The sub-regional grouping – Economic Community of West African States (ECOWAS) says military intervention in The Gambia is ‘possible’ if outgoing President Yahya Jammeh does not step down.
Marcel de Souza told French based RFI Radio that diplomacy is the preferred path as at now but ‘draconian’ measures would have to be considered if it failed.
On Tuesday, four West African leaders of Nigeria, Ghana, Liberia and Sierra Leone and UN Africa envoy were in Banjul to persuade outgoing President Jammeh to step down.
Asked whether Ecowas would consider sending troops into The Gambia, Mr de Souza told Radio France Internationale: “We have done it in the past. We currently have troops in Guinea-Bissau with the Ecomib mission. We have had troops in Mali. And therefore it is a possible solution.”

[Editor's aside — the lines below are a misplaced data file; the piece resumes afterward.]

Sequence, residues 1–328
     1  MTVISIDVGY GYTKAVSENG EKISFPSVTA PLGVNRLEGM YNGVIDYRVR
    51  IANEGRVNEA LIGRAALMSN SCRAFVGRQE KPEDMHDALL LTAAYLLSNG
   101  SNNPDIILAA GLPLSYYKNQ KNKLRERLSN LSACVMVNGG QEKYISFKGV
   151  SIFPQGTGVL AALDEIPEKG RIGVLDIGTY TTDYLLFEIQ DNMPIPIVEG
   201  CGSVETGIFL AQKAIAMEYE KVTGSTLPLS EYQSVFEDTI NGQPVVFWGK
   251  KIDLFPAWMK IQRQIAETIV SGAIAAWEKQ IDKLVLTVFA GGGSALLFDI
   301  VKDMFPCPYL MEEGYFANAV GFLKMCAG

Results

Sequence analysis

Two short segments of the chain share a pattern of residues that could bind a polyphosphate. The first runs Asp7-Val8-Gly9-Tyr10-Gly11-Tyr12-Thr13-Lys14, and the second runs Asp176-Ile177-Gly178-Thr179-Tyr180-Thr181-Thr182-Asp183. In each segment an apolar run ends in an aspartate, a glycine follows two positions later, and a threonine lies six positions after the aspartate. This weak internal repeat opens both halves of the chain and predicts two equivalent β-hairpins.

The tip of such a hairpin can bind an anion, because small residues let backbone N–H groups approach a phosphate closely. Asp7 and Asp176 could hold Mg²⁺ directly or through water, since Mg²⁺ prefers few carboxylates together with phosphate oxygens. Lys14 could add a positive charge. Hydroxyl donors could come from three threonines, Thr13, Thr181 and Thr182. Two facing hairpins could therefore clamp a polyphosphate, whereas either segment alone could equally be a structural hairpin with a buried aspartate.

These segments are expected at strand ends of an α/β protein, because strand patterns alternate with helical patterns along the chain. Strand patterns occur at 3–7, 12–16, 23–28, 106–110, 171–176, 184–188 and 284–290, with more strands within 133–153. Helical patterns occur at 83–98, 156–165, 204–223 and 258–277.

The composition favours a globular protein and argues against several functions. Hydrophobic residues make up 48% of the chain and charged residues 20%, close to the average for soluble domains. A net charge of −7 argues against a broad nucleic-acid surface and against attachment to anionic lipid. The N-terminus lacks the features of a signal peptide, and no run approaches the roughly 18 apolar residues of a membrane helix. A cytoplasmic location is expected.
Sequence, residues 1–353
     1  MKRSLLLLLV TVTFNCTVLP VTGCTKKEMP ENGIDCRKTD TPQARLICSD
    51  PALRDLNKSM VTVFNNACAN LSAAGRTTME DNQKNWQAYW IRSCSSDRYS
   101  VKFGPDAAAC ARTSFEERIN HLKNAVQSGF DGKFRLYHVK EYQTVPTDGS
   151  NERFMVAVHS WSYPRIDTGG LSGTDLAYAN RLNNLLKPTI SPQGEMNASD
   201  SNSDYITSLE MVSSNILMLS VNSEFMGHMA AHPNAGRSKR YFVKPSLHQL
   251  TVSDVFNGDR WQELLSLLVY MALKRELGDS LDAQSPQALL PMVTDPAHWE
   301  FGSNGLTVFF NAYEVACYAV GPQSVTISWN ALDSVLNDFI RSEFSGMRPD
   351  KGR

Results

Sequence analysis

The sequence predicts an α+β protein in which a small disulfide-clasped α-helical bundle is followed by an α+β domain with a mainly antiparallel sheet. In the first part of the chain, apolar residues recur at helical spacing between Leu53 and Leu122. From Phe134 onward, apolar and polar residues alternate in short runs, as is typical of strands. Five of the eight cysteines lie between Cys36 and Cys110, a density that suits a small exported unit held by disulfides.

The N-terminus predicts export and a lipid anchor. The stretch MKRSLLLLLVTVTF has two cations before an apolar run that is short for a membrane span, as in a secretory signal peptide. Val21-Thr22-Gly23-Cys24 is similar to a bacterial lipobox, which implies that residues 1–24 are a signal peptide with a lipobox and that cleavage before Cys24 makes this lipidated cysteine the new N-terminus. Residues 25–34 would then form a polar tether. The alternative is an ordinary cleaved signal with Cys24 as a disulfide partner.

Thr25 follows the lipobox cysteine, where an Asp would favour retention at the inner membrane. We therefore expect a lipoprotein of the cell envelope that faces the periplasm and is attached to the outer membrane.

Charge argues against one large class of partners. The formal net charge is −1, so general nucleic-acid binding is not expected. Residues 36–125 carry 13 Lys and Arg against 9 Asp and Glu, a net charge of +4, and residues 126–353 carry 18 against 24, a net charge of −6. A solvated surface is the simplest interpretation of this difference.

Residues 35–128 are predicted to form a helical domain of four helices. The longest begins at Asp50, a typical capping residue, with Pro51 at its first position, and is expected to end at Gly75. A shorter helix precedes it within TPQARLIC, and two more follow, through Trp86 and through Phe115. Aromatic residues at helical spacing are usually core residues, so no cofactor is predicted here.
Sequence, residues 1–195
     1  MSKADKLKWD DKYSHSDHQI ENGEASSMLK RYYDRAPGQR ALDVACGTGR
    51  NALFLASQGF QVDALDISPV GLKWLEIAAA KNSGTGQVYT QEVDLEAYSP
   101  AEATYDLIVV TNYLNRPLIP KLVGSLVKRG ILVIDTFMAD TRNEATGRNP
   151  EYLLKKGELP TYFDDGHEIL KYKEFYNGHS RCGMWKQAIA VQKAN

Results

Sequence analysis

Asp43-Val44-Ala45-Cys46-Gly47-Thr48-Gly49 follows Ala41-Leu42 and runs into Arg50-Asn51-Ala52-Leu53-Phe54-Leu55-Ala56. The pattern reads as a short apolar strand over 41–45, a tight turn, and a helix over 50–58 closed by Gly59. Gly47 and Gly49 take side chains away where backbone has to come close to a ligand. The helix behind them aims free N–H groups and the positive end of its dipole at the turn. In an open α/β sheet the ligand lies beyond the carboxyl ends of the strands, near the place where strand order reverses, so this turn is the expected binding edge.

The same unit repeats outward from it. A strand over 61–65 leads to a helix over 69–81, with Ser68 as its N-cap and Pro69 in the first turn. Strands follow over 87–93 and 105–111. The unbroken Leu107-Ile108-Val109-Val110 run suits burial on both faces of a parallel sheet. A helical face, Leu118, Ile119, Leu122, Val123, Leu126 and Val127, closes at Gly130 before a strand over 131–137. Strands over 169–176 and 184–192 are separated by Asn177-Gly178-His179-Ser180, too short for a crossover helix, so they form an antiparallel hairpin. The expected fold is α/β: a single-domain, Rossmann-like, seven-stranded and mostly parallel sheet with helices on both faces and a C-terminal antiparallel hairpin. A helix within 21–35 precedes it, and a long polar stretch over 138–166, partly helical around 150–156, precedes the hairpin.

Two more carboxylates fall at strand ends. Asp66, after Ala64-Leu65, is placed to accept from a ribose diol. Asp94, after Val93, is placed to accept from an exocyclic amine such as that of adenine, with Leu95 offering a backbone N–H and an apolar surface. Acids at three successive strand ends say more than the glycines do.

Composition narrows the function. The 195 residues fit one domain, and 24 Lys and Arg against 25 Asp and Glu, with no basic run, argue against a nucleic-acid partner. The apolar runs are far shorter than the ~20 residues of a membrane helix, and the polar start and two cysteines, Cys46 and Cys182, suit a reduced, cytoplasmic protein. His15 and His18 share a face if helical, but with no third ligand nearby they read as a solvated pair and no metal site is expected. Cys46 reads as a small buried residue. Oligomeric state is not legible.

Mr Jammeh who lost the December 1st Presidential elections to opposition coalition leader Adama Barrow initially accepted defeat before changing his mind.
The commission said Mr Barrow obtained 222,708 votes (43.3%) compared with Mr Jammeh’s 208,487 (39.6%). A third candidate, Mama Kandeh, won 89,768 votes (17.1%).
Mr Jammeh, who has ruled the country for 22 years, has questioned the validity of the count after the electoral commission changed some results, even though the electoral body still insists that the results represent the true will of the people and that Jammeh lost.
Meanwhile, President-elect Barrow has welcomed the regional intervention, saying he hoped Mr Jammeh would give up power.
By Alhagie Jobe